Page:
I take the point, but I make the opposite point to that made by the hon. Gentleman, whom I know to be a reasonable man. Does he recognise that, whereas every other advanced nation has increased the percentage of national wealth invested in education in the past 10 years, ours has been decreased? If the situation is as the hon. Gentleman describes it. how is it that council after council, including my own in Somerset which strives for the best education in the county that it can—I may disagree with its political colour, but I know that it genuinely strives for that—is having to leave teaching posts unfilled? How can that be so if the situation is as good as the hon. Gentleman suggests?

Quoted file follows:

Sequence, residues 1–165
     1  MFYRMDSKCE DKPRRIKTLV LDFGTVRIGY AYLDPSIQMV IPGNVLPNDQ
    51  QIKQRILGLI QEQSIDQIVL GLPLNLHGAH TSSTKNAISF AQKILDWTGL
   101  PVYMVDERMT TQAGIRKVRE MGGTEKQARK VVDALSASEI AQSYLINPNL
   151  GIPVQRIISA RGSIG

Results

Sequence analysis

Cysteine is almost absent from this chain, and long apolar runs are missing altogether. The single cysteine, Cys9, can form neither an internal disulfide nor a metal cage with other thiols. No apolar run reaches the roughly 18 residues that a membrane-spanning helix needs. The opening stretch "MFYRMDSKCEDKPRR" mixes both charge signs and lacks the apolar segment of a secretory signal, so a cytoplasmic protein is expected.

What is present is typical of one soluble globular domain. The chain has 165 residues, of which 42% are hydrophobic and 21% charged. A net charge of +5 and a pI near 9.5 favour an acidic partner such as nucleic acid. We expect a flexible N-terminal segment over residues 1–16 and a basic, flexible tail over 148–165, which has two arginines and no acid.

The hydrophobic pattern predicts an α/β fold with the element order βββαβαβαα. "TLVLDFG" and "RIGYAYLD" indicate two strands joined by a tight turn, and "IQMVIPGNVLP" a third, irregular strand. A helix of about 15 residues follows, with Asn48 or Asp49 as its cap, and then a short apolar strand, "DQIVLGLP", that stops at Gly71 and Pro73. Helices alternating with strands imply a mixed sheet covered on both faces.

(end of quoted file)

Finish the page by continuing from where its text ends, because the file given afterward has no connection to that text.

The immediate test that the Government face is the economic test. Some say that the economy is at last pulling out of recession. I hope so. I fear that that will not be of much comfort or immediate assistance to those who have lost their jobs or are in danger of losing them in the near future. Was the Prime Minister wise to sound quite so triumphalist about that in his recent speech to the Institute of Directors? The Prime Minister may deny that. As an event, the speech seemed to have all the razzmatazz of an election rally—a kind of rich man's Sheffield after the event. I believe that the Prime Minister's speech on that occasion will be a rich mine for quotations in the months and weeks ahead as we see how the economy develops. The Prime Minister has grabbed his success slightly before it is firm in his hands or established in recovery.